Wednesday, January 19, 2011

That sort of day

There are days when the idea I want to write about, arrives fully formed like a child born straight into adulthood with none of the pains of growing up. These are the best days.
Then there are those days that are full of grunts and moans. I may start with a word, a line or even an image, unsure where it is going or how it will turn out. In the end however, it all takes shape and acquires a certain tone and that’s when I realise what I am trying to say. To get to this stage requires discipline to see the process through. It also requires me to allow myself to waffle. Lost in the dross, gems may sparkle, or nothing may happen at all. I have to be willing to try and see. These are the good days and they are the domain within which most of my writing gets done.
I have learnt that whilst inspiration might give me the wings on which my idea might fly, it is best not to wait and write only when that happens. Those moments of ├ęclat are rare. Most of the time, all I get is a gentle nudge. Writing happens because I turn up at the page to write (almost) every day. It happens because I know I can, and want to write.
The bad days are the ones when I sit poised over the keyboard, only for little demons of self-doubt to worm their way into my head. This might happen when I have read a marvellous piece of writing and feel I can’t measure up, or when I am tired and stressed and every little thing sets me on edge. Sometimes, it happens for no reason I can fathom. The voices taunt me, and I believe them. I begin to wonder why I even bother trying because there is no way I could ever write as well as writer X. If I don’t crawl under my desk and hide there, it is only because a tiny voice whispers back to me and reminds me that I don’t really want to write like writer X, but as myself in a voice that is my own, whatever that may sound like.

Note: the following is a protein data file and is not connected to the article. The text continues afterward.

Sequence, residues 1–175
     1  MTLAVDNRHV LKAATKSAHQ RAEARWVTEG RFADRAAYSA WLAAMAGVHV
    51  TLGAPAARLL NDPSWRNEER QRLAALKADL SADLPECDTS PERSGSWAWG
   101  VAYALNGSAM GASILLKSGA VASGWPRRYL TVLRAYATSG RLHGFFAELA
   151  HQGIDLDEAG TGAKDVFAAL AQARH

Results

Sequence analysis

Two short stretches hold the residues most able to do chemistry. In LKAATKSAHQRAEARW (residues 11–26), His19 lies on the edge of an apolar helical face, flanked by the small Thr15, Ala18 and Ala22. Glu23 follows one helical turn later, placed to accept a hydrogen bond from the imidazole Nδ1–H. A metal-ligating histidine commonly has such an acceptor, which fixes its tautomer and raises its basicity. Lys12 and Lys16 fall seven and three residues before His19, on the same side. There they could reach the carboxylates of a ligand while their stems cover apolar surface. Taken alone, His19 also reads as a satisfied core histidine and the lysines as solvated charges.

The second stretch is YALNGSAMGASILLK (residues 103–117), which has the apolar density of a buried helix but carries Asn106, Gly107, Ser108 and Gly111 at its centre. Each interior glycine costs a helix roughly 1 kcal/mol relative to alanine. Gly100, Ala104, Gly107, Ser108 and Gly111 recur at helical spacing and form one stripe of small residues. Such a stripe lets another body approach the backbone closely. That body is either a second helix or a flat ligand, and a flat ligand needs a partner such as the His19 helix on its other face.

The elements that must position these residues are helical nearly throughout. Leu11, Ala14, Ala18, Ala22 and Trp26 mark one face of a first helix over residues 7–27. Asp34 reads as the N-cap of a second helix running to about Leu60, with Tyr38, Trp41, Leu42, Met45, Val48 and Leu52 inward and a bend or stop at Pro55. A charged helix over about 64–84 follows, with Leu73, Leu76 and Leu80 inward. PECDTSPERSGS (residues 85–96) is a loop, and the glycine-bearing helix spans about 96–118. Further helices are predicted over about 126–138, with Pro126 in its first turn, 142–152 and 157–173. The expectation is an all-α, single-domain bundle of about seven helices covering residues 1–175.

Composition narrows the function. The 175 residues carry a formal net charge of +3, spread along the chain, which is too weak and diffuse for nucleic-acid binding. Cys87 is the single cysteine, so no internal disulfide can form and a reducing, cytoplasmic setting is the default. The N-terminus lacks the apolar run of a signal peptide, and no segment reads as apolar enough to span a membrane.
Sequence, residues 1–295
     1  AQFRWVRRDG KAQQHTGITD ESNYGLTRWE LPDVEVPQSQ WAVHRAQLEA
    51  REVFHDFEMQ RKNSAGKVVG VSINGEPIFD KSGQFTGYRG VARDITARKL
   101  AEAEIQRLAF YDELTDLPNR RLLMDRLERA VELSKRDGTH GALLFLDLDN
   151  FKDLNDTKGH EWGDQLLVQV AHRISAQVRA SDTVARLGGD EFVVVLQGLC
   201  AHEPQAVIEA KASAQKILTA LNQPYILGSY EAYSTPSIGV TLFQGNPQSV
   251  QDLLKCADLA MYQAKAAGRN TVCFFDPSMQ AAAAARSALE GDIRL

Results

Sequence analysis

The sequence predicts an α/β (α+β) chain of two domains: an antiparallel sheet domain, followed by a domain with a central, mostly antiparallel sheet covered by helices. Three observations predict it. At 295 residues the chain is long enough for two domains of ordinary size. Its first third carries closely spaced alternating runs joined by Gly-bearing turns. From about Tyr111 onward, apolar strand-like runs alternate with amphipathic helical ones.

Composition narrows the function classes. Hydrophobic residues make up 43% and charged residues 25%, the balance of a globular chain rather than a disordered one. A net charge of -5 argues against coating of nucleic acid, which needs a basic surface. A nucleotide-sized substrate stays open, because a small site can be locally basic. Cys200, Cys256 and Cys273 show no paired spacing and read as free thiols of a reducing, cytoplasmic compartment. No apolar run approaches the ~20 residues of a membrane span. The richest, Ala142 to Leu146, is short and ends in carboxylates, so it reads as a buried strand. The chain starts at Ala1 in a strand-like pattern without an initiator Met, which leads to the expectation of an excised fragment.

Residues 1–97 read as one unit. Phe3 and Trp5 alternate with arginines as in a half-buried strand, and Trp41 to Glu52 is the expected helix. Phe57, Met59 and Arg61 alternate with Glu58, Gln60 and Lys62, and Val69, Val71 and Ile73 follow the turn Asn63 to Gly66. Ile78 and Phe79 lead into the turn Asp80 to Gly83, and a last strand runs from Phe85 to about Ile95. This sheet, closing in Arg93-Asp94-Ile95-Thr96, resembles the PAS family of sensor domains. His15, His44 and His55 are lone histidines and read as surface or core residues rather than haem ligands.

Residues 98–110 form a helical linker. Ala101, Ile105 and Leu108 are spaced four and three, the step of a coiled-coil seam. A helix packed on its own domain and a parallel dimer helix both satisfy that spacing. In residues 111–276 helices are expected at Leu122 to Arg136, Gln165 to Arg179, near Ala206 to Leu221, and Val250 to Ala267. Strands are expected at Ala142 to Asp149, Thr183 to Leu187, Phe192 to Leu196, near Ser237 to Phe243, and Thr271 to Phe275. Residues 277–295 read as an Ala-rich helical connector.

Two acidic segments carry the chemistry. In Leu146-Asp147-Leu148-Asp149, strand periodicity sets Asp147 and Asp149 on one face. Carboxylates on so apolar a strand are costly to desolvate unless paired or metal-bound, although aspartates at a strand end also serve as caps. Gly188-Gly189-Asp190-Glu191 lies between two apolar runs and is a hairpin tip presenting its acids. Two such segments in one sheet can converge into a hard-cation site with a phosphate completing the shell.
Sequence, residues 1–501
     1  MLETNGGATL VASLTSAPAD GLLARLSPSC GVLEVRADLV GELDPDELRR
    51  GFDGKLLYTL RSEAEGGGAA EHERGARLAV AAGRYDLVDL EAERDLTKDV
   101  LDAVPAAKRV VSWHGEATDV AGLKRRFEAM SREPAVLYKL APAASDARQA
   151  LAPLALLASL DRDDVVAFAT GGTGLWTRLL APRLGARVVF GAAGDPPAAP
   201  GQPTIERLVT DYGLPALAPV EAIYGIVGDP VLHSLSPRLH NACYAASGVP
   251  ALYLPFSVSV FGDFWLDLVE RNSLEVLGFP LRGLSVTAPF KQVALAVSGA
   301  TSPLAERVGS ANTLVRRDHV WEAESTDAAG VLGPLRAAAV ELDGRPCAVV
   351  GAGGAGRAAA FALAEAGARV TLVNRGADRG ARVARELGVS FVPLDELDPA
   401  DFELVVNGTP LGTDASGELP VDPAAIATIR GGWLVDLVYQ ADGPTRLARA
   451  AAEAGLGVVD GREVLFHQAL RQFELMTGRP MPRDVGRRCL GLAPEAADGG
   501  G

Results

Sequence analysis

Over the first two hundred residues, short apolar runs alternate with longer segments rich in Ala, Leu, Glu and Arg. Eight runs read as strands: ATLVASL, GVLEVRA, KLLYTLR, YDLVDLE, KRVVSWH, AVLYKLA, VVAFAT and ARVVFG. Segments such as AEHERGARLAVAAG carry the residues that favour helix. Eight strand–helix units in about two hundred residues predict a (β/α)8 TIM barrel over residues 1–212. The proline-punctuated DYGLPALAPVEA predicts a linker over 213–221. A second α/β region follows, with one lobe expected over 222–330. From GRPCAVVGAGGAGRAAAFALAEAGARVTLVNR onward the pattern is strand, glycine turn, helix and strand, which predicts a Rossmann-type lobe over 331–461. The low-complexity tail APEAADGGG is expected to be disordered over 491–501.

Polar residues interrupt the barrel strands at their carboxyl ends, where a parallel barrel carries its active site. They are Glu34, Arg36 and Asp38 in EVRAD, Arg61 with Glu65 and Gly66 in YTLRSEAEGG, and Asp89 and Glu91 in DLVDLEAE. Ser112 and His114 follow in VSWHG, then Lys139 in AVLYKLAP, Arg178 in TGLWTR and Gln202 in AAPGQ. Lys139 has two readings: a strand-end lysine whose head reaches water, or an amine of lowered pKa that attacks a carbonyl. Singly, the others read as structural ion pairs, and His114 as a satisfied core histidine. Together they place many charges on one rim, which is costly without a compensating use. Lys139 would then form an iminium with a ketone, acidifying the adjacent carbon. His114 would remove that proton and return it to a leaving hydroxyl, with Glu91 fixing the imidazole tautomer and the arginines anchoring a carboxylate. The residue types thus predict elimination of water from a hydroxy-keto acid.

It is during these times that I feel it is most important to write. While I am experiencing these feelings, the last thing I want to do is the very thing that might save me. It is hard to stop the belligerent demons from looting and burning every ounce of creativity. I try to remind myself that I have the tool that will fell them swiftly, and I pick up the pen, if only just to speak about how pathetic my feelings are.
I might time myself for ten minutes while I get the monstrous emotions down on paper. Ten minutes by my clock, is not a long time. I may not feel able to write that epic novel that will take me years like writer X did, but ten minutes I can certainly manage. If I feel the need, I may even go for another block of ten. I write until the sound of my gushing stream of words is loud enough to drown out the vexing voices.
I have often found that this exercise is so effective that at the end of the first round, my perspective changes immensely. The walls of Jericho turn to rubble and I can see further afield into the exciting and adventurous wilds of my imagination. From there I may take flight to wherever the word, the sentence, or the image might lead me. It is the joy I find in this process that makes it for me, a good writing day.

Picture by eddiedangerous


  1. I'm going to try this approach as I usually end up reading what I've already written before my fingers start back on that keyboard. I've just binned 25k of my first draft - I'm feeling a bit down-hearted - so I could spend ten minutes writing about loss!

  2. I hope you didn't actually bin it Stu? Put it in a little box somewhere which will help to keep your spirits up....

    I love how you are so disciplined, Brigid. I understand the need to write and I feel all at sea if I'm away from it for too long...but as you say, perseverance is the key.

  3. At Stu: OMG! That's a lot of words to bin! I can't beleive it was all bad. I'm sad with you I have to admit. Courage fails me to bin that many words. I reckon a lot of Vanilla ice-cream and a tremendous amount of writing might cure you. But still, oh gods!

    At J: Discipline is an attitude if you ask me. I have to admit i don't always make it to the page every single day but I always have the intention which means I end up writing more often than I don't (at least 5 days of the week) mostly dross but hey at least I'm writing, right?